DNA Detectives Aid Rhinos
For the first time, DNA markers have been used to provide forensic evidence to tackle poaching of the Indian rhino. A database has now been created to hold a catalogue of rhino DNA, which will also aid conservation efforts.
Researchers have, for the first time, used unique DNA markers to provide forensic evidence for alleged poaching cases involving the Indian rhino. The project is part of the Rhino DNA Indexing System (RhODIS- India) conservation program. This database has been created to build a DNA catalogue of the existing Indian greater one-horned rhinoceros to tackle rhino poaching and assist conservation efforts for this vulnerable species.
Inspired by a similar program in South Africa, a team of scientists collected dung from 749 rhinoceros to gather vital genetic information. By analysing dung for traces of population specific genetic signals, a genetic baseline was created for rhinoceros across India and 406 unique individuals were identified.
Microsatellite markers are present in nuclear DNA, similar to a fingerprint, where each individual has its own unique genetic signature. The use of 14 markers helps to identify individuals from dung data based on unique individual rhino’s signature.
By comparing seized rhino horn samples to these specific genetic signals, the researchers could trace the rhino back to its breeding population, thus identifying trade routes and pinpointing poaching hotspots, which are notoriously difficult for traditional law enforcement to track.
“Having an allele frequency map aids in pinpointing the location of the orphan seized rhino sample to its breeding population based on genetic signatures,” commented Tista Ghosh, a member of the research team.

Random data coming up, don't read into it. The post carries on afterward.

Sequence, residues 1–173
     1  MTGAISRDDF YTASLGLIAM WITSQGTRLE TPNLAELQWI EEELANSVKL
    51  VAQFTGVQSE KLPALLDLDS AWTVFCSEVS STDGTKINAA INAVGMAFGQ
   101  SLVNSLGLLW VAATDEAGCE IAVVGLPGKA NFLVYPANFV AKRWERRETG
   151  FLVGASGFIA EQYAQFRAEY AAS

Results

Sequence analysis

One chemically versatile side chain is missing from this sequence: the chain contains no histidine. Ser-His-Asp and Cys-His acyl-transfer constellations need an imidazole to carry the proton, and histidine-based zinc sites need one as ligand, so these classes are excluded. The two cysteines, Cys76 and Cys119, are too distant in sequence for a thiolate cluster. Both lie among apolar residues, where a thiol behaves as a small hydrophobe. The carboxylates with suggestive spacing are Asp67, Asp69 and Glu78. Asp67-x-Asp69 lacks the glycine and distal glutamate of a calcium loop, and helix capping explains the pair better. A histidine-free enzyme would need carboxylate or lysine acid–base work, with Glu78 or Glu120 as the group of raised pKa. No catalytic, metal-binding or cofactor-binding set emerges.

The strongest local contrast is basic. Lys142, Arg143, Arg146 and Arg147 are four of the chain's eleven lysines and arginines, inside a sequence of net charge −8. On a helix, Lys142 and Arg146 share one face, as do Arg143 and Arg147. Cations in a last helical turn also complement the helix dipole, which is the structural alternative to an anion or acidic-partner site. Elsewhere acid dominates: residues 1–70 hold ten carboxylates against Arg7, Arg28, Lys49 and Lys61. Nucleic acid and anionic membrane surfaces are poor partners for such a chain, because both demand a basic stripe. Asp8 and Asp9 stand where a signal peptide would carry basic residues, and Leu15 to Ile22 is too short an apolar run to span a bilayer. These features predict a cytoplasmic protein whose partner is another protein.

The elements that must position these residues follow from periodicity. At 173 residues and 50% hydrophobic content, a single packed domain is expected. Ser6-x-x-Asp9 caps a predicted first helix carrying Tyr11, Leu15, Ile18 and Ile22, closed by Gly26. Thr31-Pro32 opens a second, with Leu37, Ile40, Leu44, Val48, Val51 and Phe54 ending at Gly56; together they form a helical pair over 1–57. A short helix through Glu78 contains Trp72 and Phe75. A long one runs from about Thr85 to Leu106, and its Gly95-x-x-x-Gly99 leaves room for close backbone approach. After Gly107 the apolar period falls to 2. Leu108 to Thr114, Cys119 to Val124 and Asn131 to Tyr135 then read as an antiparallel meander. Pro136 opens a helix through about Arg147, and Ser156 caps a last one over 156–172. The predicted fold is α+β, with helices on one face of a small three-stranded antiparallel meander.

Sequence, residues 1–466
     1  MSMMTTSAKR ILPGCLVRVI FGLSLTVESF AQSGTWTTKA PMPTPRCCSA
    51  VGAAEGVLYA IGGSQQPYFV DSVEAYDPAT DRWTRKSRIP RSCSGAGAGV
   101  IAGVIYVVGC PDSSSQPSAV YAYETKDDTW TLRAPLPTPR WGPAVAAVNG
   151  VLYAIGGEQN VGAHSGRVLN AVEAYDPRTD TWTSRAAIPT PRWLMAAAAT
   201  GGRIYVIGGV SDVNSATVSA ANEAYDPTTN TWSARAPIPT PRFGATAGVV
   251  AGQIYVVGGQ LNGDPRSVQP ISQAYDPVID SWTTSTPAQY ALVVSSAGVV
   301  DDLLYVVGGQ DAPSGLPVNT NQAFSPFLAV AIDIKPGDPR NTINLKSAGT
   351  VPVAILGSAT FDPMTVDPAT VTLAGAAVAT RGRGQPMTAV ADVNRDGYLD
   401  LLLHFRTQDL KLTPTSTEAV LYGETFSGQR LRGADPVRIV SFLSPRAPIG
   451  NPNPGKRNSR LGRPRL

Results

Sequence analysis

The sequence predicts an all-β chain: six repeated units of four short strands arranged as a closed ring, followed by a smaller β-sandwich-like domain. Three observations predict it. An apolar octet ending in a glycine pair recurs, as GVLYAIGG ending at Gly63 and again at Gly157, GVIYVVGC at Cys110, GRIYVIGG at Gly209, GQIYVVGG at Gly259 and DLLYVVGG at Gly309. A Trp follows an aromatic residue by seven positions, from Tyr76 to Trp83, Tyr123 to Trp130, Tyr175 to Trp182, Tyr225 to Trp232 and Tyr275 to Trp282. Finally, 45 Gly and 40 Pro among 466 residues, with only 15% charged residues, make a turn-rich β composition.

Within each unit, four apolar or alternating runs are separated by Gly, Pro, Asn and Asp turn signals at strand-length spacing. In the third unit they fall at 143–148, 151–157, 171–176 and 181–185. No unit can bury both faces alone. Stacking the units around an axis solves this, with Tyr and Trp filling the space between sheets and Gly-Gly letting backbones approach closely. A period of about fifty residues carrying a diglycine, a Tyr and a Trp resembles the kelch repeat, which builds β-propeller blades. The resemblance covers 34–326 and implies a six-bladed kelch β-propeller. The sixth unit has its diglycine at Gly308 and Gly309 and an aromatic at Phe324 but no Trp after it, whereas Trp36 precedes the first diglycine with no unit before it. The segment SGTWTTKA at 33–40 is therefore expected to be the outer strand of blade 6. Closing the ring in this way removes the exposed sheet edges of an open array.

The forensics team at the Wildlife Institute of India were also able to match a suspected poached carcass from a protected area to a seized horn found elsewhere along the trade route in India. Occasionally, they had as little to work with as blood-stained soil, pebbles or a bullet to perform DNA profiling.
These results display the powerful abilities which this microsatellite panel has for tackling wildlife crime and providing valuable insights to the forest department. Furthermore, individual DNA matching assists in court prosecutions by providing concrete scientific evidence regarding the poaching of wild rhino, native to India.
On the significance of this method, Tista said: “Many times the seized rhino body parts are found after a long time of poaching incidence as a result of which it becomes difficult to pinpoint the location of the crime. Thus, it is important to locate such networks and have law enforcement resulting in breaking the chain of trading.”
India’s current population of greater one-horned rhinoceros’ is relatively small, at approximately 3,500 rhino individuals. Using statistical probabilities, the team calculated that 14 microsatellite markers were sufficient to be able to do individual matching across the whole range of the population.
In addition, the researchers are keen to collaborate with Nepal field teams to extend this work to the second strong hold of greater one-horned rhinoceros.
However, in the field of wildlife forensics, there are severe limitations due to the poor quality of samples, and circumstances when data could not be generated using microsatellite only. In those scenarios Tista said, of these exciting developments, “We are planning to do a mitochondrial DNA screening to look for park/state specific genetic markers and combine that data with our existing database to avoid such situations.”
The RhODIS-India marker panel is still in the process of developing an ‘allelic ladder’ (reference point) for comparisons with other laboratories. When this becomes available, this will foster greater collaboration between the global wildlife forensics community. In order to increase the size of the database, plans are already in place to carry out wider sampling across the Indian rhino’s range.